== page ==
The draft meat rules take a similar approach to the existing Export Control (Meat and Meat Products) Orders 2005 in regard to defining terms.
Where it is appropriate and applicable to products for export, terms in the draft meat rules are defined as having the same meaning as in the Australian Meat Standard.
Some terms are defined in full within the draft meat rules, while some are defined as having the same meaning as in the Australian Standard AS4696:207 (Australian Meat Standard). A consistent approach should be adopted.
Where a term is not defined in the Australian Meat Standard, or where changes to a term are required for export purposes, the draft meat rules will define the term in full. Where a term is not defined, the ordinary meaning of the term applies.
The definition of critical non-compliance is too broad. Some terms require further consideration.
We agree that the definition of ‘critical non-compliance’ is too broad. We will revise it to make it consistent with the existing Export Control Orders.
We are reviewing the other terms to ensure they are clear and correct.
The draft meat rules should also include new definitions arising from reforms to the current export legislation.
The draft meat rules will incorporate the outcomes of current reforms and will accommodate any future reforms, as required. This includes the new definitions of lamb, mutton, ram and grain fed finished that have been incorporated into the Export Control (Meat and Meat Products) Orders 2005.
Modification and incorporation of Australian Standard AS4696:207 (Australian Meat Standard)
The draft meat rules need to recognise any changes made to the Australian Meat Standard, from time to time.
Subclause 432(3) of the Export Control Bill 2019 enables the Export Control Rules to incorporate matters in a few specified documents as in force or existing from time to time. These are documents that are changed on a regular basis, such as Australian Fish Names Standard.
The draft meat rules can only apply, adopt or incorporate any matter contained in any other standards or documents, such as the Australian Meat Standard, as they existed at the point of time in which the rules were made. This is because the Legislation Act 2003imposes restrictions on the incorporation of documents as in force or existing from time to time. A legislative instrument, such as the rules, can only apply, adopt or incorporate matters in documents as in force or existing from time to time if there is no contrary intention.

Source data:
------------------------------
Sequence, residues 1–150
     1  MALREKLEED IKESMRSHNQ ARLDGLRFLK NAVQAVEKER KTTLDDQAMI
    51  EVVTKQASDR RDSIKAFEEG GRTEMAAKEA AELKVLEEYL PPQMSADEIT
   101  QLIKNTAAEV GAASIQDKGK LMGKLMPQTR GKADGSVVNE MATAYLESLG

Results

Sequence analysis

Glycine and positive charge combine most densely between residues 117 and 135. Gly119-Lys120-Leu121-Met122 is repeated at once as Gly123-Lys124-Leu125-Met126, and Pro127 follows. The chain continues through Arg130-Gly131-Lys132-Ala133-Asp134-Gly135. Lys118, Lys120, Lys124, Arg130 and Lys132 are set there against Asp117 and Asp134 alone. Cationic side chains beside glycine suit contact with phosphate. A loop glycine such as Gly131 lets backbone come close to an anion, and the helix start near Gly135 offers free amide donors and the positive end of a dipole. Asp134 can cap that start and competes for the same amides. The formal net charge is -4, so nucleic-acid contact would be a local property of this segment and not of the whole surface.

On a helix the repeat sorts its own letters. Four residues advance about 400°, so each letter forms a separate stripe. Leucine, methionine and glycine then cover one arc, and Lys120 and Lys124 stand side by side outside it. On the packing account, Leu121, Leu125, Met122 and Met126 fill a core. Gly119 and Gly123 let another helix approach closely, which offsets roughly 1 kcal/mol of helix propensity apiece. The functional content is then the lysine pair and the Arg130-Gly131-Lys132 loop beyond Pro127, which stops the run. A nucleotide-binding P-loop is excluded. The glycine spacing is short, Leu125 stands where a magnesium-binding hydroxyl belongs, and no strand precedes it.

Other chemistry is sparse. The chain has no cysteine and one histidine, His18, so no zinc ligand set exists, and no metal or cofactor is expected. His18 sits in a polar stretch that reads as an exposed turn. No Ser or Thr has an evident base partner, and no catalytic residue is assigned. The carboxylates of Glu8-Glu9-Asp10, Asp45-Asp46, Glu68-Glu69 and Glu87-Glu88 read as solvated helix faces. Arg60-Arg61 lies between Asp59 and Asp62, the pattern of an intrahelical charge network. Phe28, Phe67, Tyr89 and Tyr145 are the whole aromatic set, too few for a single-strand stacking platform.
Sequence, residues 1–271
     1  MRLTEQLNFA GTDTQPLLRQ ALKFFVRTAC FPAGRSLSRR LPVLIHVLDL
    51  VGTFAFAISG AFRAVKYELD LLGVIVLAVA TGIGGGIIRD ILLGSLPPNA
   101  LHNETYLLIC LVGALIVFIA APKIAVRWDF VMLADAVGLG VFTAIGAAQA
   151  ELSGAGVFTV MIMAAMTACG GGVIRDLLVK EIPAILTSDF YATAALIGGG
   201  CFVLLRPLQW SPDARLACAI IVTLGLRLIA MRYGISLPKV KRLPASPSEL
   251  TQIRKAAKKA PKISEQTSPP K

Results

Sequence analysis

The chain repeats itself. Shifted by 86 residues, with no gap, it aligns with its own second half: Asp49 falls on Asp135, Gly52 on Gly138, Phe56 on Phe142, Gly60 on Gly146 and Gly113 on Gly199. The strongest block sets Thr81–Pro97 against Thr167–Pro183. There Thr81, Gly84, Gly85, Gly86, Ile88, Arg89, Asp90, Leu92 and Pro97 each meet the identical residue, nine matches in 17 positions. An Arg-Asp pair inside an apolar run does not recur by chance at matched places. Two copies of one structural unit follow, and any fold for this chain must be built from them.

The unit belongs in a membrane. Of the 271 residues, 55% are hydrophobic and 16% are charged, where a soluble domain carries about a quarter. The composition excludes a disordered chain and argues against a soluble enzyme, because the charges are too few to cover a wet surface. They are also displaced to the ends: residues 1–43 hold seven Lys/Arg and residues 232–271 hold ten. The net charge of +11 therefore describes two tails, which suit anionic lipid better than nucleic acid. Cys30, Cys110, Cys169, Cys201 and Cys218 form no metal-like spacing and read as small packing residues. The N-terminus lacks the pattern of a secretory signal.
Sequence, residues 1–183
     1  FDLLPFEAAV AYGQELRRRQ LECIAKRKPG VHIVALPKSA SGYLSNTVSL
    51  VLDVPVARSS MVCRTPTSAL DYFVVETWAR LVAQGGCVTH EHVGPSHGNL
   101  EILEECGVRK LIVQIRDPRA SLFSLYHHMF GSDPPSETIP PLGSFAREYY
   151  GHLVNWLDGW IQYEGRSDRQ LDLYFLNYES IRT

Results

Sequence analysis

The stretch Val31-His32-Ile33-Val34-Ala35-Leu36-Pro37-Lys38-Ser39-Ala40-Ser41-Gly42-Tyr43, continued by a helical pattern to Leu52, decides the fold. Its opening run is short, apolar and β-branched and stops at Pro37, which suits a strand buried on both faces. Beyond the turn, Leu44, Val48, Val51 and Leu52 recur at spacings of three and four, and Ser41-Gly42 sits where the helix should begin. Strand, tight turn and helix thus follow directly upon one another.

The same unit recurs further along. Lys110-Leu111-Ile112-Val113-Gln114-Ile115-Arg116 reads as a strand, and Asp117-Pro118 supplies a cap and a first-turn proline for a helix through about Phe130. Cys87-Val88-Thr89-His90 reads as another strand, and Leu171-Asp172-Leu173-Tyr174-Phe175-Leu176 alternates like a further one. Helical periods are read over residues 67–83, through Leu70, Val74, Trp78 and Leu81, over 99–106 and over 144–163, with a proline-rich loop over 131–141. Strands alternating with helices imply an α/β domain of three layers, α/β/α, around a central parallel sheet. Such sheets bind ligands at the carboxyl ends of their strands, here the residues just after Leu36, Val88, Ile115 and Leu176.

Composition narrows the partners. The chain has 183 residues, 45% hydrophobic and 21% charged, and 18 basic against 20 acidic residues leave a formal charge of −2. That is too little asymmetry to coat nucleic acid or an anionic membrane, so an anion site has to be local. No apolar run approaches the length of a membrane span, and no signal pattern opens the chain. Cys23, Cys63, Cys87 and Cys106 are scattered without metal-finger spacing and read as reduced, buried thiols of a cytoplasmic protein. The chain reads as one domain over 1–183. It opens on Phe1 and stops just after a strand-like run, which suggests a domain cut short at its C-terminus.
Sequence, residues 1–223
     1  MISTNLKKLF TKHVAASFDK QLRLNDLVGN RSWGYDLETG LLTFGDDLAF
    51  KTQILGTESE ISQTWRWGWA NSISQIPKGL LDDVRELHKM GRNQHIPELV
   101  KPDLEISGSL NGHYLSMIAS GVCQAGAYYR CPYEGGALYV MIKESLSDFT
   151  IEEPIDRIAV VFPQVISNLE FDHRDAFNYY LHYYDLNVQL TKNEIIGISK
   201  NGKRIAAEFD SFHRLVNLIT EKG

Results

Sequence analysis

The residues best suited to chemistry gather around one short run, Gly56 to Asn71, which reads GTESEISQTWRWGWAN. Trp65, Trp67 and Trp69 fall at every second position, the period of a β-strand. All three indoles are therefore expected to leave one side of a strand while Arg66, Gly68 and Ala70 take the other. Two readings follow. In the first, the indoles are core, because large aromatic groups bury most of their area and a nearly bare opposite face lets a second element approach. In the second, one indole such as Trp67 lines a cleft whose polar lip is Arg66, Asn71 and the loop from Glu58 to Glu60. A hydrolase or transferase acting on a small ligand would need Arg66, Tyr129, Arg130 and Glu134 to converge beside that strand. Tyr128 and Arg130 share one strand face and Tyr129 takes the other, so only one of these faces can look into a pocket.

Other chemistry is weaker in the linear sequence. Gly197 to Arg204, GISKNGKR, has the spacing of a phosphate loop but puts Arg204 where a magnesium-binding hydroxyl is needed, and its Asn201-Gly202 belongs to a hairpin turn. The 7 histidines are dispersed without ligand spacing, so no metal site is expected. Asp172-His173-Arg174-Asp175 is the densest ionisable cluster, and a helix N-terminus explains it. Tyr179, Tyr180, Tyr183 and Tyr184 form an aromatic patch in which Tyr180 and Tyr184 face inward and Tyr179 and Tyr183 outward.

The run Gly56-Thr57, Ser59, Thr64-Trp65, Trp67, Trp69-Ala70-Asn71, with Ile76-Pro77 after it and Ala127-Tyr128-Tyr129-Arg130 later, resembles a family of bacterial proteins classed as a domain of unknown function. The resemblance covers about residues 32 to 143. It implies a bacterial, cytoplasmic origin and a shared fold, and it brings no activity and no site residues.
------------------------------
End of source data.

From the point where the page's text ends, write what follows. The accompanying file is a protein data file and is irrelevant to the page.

Any modifications to the standards, or any proposed alternative techniques, should not be implemented without agreement of the Australian Meat Regulators Group.
Consistent with current practice, modifications to the standards, or any proposed alternative technique, will not be implemented until the appropriate processes are followed for such amendments. This includes consulting with the Australian Meat Regulators Group, in which the department plays a role.
Clause ME-08 of the draft meat rules sets out the circumstances in which alternative procedures, standards or other requirements are taken to meet the requirements of the Australian Standard AS4696:207 (Australian Meat Standard).
Incorporation of state and territory requirements
The draft meat rules should include requirements and conditions to hold and maintain relevant licences or accreditations under state and territory legislation.
This does not form part of the regulatory controls in the current export legislation for meat, so it has not been included in the draft meat rules. Any change to current legislation would require broad support from all stakeholders and policy authority from the Australian Government.
Where possible, we establish arrangements with state and territory bodies so that farmers, exporters and industry are not regulated beyond what is required, and minimises unnecessary burden.
It would be more consistent to refer to the use of a National Livestock Identification System (NLIS) tag rather than just an identification tag.
The NLIS is Australia’s system for the identification and traceability of cattle, sheep and goats. It is underpinned by state or territory government legislation, which forms the regulatory framework for the NLIS.
Identification tags referred to in the draft meat rules apply to all species covered by these rules (and not just cattle, sheep and goats). As such, it would not be appropriate to require the specific use of the NLIS tags in all cases.
10kg limit for small export consignments
The current 10kg limitation for non-prescribed meat and meat products is too restrictive. It should be extended to incorporate a 25kg limitation for meat or meat products for export in a non-commercial consignment for use as display at trade fairs, exhibitions, or for evaluation.
Paragraph ME-09(3)(g) of the draft meat rules states that meat or meat products for export in a consignment of not more than 10kg are not prescribed goods. This has the same effect as order 14 of the Export Control (Meat and Meat Products) 2005.
If a consignment of more than 10kg is sought to be exported for certain specified purposes, an exporter can apply for an exemption from the prescribed export conditions.
For example, an exemption may be granted in circumstances where the goods are exported as a commercial sample, for experimental purposes, in exceptional circumstances, or in other circumstances as prescribed by the rules.
An exemption may be granted if the Secretary is satisfied that the exemption is appropriate and that any requirements of the rules are met.
Changing the 10kg weight limit is outside the scope of this project.
Variation of approved arrangements and registered establishments
The process for applying for and approving a variation to approved arrangements and establishments needs to be made clear.
The Export Control Bill 2019 and draft meat rules set out requirements to vary an approved arrangement or vary the registration of an establishment. There are different requirements depending upon who wants to make the variation and, for approved arrangements, whether or not the proposed variation is minor or significant. The requirements are similar to those in the existing Export Control (Meat and Meat Products) Orders 2005.